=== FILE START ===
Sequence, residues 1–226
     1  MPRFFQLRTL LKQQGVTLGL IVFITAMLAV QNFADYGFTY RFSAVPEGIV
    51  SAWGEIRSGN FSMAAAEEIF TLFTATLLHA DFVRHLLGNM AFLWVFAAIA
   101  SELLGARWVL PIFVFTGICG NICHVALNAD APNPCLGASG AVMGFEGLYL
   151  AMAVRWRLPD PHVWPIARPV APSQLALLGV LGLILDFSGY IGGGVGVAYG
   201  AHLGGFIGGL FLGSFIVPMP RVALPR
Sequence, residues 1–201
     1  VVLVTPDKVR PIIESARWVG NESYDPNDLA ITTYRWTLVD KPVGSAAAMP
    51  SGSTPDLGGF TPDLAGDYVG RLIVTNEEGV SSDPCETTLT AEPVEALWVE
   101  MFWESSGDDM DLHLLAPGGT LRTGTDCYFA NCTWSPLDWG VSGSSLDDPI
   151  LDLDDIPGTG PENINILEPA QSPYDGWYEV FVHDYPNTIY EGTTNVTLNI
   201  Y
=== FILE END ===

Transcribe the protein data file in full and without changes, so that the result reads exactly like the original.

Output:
Sequence, residues 1–226
     1  MPRFFQLRTL LKQQGVTLGL IVFITAMLAV QNFADYGFTY RFSAVPEGIV
    51  SAWGEIRSGN FSMAAAEEIF TLFTATLLHA DFVRHLLGNM AFLWVFAAIA
   101  SELLGARWVL PIFVFTGICG NICHVALNAD APNPCLGASG AVMGFEGLYL
   151  AMAVRWRLPD PHVWPIARPV APSQLALLGV LGLILDFSGY IGGGVGVAYG
   201  AHLGGFIGGL FLGSFIVPMP RVALPR
Sequence, residues 1–201
     1  VVLVTPDKVR PIIESARWVG NESYDPNDLA ITTYRWTLVD KPVGSAAAMP
    51  SGSTPDLGGF TPDLAGDYVG RLIVTNEEGV SSDPCETTLT AEPVEALWVE
   101  MFWESSGDDM DLHLLAPGGT LRTGTDCYFA NCTWSPLDWG VSGSSLDDPI
   151  LDLDDIPGTG PENINILEPA QSPYDGWYEV FVHDYPNTIY EGTTNVTLNI
   201  Y